Deploy a Windows Server container on Azure Kubernetes Service (AKS)

The Windows Container team announced an update to the Container extension for Windows Admin Center with a couple of new features like pushing Container images to an Azure Container Registry. In this blog post, I want to provide you with a walkthrough on how you can deploy a container image with a web application on Azure Kubernetes Service (AKS) from the Azure Container Registry (ACR).

The main focus of this blog is to provide you with a quick walkthrough to try out your containerized Windows application on Azure Kubernetes Service (AKS).

In my example, I will use Azure PowerShell. However, you can also use the Azure CLI if you want to.  We will simply walk through the following steps.

  1. Create an Azure Kubernetes Service (AKS) including the prerequisites
  2. Add a node pool.
  3. Connect to the
  4. Integrate Azure Container Registry (ACR) with AKS
  5. Deploy a service using your Windows Container stored in ACR

Create an Azure Kubernetes Service (AKS) cluster including the prerequisites

You can run the PowerShell commands directly from your machine using Azure PowerShell or as I do directly from Azure Cloud Shell. In Azure Cloud Shell, we already have the tools and PowerShell modules we need available.

First, we will create a resource group for our deployment.

New-AzResourceGroup -Name tt-akswin-rg -Location eastus

Since Azure Kubernetes Service also needs a couple of machines in the background, we need to generate an SSH key pair (if you don't have that already). For more details, seeQuick steps: Create and use an SSH public-private key pair for Linux VMs in Azure.

ssh-keygen -m PEM -t rsa -b 4096

Now we can create an AKS . Make sure you select a supported version of Kubernetes within your Azure region. To check the available versions within your region you can use the following command:

Get-AzAksVersion -Location eastus

To create the cluster, you can run the following command:

$Password = Read-Host -Prompt 'Please enter your password' -AsSecureString
New-AzAKS -ResourceGroupName tt-akswin-rg -Name myAKSCluster -NodeCount 2 -KubernetesVersion 1.18.2 -NetworkPlugin azure -NodeVmSetType VirtualMachineScaleSets -WindowsProfileAdminUserName akswinuser -WindowsProfileAdminUserPassword $Password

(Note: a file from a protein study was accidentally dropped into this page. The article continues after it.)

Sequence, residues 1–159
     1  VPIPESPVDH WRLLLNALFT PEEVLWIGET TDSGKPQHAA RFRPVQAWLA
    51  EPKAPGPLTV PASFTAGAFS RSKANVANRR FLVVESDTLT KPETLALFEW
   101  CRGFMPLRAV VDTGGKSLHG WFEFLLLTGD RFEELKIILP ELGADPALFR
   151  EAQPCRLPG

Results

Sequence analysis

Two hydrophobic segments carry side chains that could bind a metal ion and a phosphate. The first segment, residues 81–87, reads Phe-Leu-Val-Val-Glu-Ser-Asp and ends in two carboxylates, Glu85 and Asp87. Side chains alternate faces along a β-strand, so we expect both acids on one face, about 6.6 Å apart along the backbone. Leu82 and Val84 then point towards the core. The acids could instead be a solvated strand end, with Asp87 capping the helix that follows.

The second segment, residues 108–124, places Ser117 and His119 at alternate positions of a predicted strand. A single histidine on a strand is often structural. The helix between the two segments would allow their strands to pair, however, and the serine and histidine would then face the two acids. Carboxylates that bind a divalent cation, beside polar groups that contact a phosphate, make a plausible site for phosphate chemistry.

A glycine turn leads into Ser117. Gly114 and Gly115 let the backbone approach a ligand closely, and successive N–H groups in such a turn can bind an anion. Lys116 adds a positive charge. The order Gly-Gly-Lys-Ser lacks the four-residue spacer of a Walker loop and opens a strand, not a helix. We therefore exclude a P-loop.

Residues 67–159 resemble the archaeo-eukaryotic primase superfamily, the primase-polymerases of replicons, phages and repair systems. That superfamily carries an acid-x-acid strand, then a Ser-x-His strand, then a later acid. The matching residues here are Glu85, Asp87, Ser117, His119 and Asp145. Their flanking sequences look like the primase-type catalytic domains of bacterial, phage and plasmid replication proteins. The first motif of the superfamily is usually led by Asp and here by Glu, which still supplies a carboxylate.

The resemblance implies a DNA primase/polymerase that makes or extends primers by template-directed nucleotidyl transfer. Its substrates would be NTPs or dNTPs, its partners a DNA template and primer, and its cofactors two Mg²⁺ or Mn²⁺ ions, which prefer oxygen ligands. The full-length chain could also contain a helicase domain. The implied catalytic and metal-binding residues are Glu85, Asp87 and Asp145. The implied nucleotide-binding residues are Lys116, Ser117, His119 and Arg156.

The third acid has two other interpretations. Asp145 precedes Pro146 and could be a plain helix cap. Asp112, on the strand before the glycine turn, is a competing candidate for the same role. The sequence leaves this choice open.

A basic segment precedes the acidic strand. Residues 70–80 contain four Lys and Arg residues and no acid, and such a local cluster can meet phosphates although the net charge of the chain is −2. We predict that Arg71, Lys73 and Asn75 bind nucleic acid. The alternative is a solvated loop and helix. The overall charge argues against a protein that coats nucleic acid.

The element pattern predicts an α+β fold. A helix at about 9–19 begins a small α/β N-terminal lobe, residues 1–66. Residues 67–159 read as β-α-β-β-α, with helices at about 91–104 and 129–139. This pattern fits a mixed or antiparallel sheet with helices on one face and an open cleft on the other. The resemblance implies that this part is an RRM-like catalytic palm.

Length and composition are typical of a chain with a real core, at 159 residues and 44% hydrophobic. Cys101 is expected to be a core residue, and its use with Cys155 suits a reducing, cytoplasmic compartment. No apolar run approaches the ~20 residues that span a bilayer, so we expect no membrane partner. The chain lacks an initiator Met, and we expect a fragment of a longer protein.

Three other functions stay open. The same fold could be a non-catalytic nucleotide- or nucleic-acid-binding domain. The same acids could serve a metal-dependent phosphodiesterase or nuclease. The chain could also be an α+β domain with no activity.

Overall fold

After a few minutes, the command completes and returns information about the cluster. 

Add a Windows Server node pool

After we have created the cluster, we can create a node pool. By default, an AKS cluster is created with a node pool that can run containers.

New-AzAksNodePool -ResourceGroupName tt-akswin-rg -ClusterName myAKSCluster -OsType Windows -Name npwin -KubernetesVersion 1.18.2 -VmSetType VirtualMachineScaleSets

Connect to the cluster

To manage the Kubernetes cluster, we use the Kubernetes command-line client (kubectl). Since we are running this in Azure Cloud Shell, kubectl is already installed. To configure kubectl to connect to our AKS cluster, we can simply use the Import-AZAksCrendetial PowerShell cmdlet.

Import-AzAksCredential -ResourceGroupName tt-akswin-rg -Name myAKSCluster

To verify the connection, we can run the kubectl get command to list all the cluster nodes.

kubectl get nodes

Integrate Azure Container Registry (ACR) with AKS

Before we can run the application from our existing Azure Container Registry (ACR), we need to integrate into our AKS cluster. We can use the following Azure CLI command.

az aks update -n myAKSCluster -g tt-akswin-rg --attach-acr ttacr01

If you don't have an Azure Container Registry, you can already add it during the AKS cluster creation. You can find more information on Microsoft Docs. If you want to create an ACR, check out the following documentation

Deploy a service using your Windows Container stored in ACR

Now we can edit our YAML file to include the container image from the Azure Container registry. In Azure Cloud Shell, you can simply use the code command to edit or create a new file.

code ttwebsite.yaml

code ttwebsite.yamlcode ttwebsite.yaml

This is an example file for my specific container image form my ARC (ttacr01.azurecr.io/ttwebsite:v1).

apiVersion: apps/v1
kind: Deployment
metadata:
  name: ttwebsite
  labels:
    app: ttwebsite
spec:
  replicas: 1
  template:
    metadata:
      name: ttwebsite
      labels:
        app: ttwebsite
    spec:
      nodeSelector:
        "beta.kubernetes.io/os": windows
      containers:
      - name: ttwebsite
        image: ttacr01.azurecr.io/ttwebsite:v1
        resources:
          limits:
            cpu: 1
            memory: 800M
          requests:
            cpu: .1
            memory: 300M
        ports:
          - containerPort: 80
  selector:
    matchLabels:
      app: ttwebsite
---
apiVersion: v1
kind: Service
metadata:
  name: ttwebsite
spec:
  type: LoadBalancer
  ports:
  - protocol: TCP
    port: 80
  selector:
    app: ttwebsite

Deploy the application using the kubectl apply command and specify the name of your YAML file:

kubectl apply -f ttwebsite.yaml

To monitor the process and get the public IP address from the for our web application, we can run the following command:

kubectl get service sample --watch

After the service is deployed, we will see the public IP address from the of the location, where we can access our web application.

ubectl get service ttwebsite --watchubectl get service ttwebsite –watch

If you open up the public IP address you will find our web application:

Tailwind Traders Awesome WebsiteTailwind Traders Awesome Website

Conclusion

I hope this blog post gives a short overview of how you can deploy a Windows Container from the Azure Container Registry to Azure Kubernetes Service (AKS). You can find more documentation on Microsoft Docs. If you have any questions, let me know in the comments.

 

This article was originally published by Microsoft's Azure Blog. You can find the original article here.